The Secretary

Posted by jlubans on January 22, 2020

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I was thinking lofty thoughts.
It was by way of composing a tribute to the secretaries in my career.
All but one or two of a dozen were highly talented and capable people.
While I can still name several that I worked with – WITH was the operative word – two stand out. They were not only a great help to me – they made me look good. Both went on to advanced positions, one in law and one in higher education administration.
They balanced multiple demands never dimming their innate brightness, their calmness – their serenity. How did they make me look good?
Obviously, all their work was done in a professional way. Remember I began my career pre-internet, even pre-word processor.
Paper correspondence, including memoranda to staff – was typed from my handwritten drafts, put into envelopes and mailed out with carbon copies filed in long rows of upright file cabinets.
Pre-email, I had a large amount of professional and academic correspondence via surface mail and phone. And in my case as a quasi faculty member, there was research report preparation and distribution along with manuscript prep for publication.
One of the two was a graduate of a Manhattan secretarial school and knew how my office should appear to visitors. I had the most professional looking office on campus – everything was just so – no clutter. I yet remember the philodendron spreading gracefully across the credenza behind my desk; and, remarkably for an academic, my desktop gleaming proudly in its barrenness.
The appearance of efficiency was not imaginary, my work product really was efficient and of high quality thanks to my secretaries.
More importantly, while I was not very conscious of it, I am sure they guided me away from doing something stupid. I always felt like they were in my corner. Never, I believe, did they betray me nor align with negative factions. We were friends, good friends.
As I was reflecting on these two, along came a relevant, yet bittersweet, WSJ article: “The Vanishing Executive Assistant.
It describes how times have changed for this group of workers, mostly women. Technology has reduced the ranks of administrative assistants, executive assistants and secretaries. DIY - do it yourself – is now the norm for most managers when it comes to travel arrangements, communication and meeting scheduling.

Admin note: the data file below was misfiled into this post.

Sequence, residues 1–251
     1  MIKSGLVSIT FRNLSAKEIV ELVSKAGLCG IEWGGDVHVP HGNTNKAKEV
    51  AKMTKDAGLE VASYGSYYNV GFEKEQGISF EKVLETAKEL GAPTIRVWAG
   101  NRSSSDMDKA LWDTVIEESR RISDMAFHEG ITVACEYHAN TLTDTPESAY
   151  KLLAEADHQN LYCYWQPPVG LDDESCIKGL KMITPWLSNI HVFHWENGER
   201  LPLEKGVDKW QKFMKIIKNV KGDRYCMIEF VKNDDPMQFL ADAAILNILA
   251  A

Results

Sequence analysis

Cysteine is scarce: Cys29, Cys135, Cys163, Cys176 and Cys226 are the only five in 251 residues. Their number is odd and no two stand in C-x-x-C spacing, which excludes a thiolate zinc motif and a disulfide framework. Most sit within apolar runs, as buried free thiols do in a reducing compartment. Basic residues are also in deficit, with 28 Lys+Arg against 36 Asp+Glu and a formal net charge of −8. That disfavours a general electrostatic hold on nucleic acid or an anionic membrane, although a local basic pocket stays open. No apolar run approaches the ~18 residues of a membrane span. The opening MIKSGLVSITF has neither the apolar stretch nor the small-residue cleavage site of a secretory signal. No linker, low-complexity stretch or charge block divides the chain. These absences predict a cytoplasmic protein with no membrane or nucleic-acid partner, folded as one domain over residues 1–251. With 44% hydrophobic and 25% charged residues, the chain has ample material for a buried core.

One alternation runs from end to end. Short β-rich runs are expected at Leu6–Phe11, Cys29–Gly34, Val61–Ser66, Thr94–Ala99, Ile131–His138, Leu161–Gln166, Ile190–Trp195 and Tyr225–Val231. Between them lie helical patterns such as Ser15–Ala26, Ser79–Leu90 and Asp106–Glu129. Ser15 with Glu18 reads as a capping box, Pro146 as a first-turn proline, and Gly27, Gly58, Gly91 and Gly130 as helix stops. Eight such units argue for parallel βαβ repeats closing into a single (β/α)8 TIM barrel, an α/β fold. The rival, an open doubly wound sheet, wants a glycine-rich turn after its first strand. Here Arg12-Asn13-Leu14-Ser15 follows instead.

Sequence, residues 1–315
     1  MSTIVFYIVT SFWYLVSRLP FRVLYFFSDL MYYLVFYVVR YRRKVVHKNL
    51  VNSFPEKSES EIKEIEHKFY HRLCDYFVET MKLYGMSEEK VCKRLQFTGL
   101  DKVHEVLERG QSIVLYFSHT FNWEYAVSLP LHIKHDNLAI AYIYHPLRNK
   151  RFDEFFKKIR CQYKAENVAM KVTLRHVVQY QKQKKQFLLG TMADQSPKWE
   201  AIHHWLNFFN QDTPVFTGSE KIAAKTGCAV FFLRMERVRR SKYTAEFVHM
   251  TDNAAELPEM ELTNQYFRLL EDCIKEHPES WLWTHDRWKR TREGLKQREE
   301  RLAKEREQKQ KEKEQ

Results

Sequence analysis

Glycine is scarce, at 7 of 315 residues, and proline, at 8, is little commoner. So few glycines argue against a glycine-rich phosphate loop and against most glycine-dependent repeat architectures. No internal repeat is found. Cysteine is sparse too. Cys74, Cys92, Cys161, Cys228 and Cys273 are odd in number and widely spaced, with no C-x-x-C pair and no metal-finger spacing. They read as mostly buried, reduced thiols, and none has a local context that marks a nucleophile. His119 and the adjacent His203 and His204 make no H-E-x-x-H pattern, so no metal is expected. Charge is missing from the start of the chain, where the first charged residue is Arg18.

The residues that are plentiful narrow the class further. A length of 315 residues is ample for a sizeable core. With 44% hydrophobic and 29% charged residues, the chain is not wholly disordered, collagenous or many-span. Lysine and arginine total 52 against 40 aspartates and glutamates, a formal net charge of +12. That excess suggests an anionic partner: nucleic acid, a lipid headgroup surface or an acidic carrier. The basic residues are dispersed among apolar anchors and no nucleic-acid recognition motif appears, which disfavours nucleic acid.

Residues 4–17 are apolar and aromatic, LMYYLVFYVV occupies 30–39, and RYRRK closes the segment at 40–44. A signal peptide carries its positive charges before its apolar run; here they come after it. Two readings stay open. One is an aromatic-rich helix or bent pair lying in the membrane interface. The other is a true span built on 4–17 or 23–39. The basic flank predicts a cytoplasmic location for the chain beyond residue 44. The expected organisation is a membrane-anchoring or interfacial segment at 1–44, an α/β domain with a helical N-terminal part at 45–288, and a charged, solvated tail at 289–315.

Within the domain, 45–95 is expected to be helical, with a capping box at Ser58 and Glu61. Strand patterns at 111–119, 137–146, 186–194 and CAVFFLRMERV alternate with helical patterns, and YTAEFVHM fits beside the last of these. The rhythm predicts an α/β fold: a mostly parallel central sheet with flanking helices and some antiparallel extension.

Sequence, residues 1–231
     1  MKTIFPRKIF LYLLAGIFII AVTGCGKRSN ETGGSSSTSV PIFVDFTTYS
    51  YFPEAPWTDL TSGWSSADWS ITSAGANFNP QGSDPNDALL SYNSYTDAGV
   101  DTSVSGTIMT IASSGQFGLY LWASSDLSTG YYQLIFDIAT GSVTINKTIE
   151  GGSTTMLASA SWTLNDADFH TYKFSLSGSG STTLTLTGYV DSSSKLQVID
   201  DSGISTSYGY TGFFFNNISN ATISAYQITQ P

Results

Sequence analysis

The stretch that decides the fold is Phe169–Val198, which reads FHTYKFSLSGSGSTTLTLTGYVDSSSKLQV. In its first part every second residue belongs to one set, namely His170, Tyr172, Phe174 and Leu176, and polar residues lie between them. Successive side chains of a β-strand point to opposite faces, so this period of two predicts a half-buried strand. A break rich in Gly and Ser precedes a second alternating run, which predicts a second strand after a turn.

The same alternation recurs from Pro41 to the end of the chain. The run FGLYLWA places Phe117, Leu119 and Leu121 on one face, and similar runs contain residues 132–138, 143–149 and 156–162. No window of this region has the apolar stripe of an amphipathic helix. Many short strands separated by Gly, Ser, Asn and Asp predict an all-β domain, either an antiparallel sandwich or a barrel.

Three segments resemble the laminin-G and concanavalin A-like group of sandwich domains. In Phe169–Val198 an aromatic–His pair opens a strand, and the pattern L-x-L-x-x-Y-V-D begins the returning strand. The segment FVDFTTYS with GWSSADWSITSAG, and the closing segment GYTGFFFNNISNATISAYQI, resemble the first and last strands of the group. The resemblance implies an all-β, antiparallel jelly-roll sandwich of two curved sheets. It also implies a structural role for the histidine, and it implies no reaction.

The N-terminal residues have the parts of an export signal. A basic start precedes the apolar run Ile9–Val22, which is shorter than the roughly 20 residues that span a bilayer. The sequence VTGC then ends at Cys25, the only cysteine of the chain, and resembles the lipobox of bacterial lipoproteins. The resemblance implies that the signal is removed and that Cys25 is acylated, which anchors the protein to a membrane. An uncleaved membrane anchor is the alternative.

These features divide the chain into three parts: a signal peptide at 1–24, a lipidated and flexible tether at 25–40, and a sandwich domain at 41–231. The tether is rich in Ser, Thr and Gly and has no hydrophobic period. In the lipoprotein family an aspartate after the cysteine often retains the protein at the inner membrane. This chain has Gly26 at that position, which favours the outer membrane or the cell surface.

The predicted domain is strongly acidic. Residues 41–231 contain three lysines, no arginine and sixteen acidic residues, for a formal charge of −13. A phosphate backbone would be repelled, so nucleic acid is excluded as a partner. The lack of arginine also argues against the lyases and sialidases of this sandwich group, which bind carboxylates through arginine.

The article explores how the secretarial path is no longer an entryway into the organization. It had been that once you got your foot in the door as a secretary, a young woman - often without a college degree - could demonstrate her talents and likely move up in the organization.
That door is now closed.
Recently I heard from a woman working for my financial adviser, a male. He is based in Portland, OR and his assistant called me from an office in Denver, CO where she lives and works. The WSJ notes this is a trend – no longer is one’s assistant nearby. Rather she (or he) may be far away and while they may appear to be dedicated to the one adviser, they are in fact handling scheduling duties for as “few” as 7 managers to as many as 70.
Indeed the workload is so dryly detailed, wearisome and task-oriented that there’s little opportunity for individual growth and movement. There’s no opportunity to shine.
No doubt the company has good economic reasons for this, but it can never be the same as the positive camaraderie that developed between assistant and boss from day to day contact. The camaraderie was apparent to visitors and to subordinates; it helped personalize work interactions.
For me, these assistants were exceptional people and it was highly positive that the organization provided this entry into the workforce.
Like my two, many young women have excelled as assistants and then gone on to higher careers.
Forlornly, the gains in technology have left behind a large number of people who could bring much to the organization.

© Copyright John Lubans 2020
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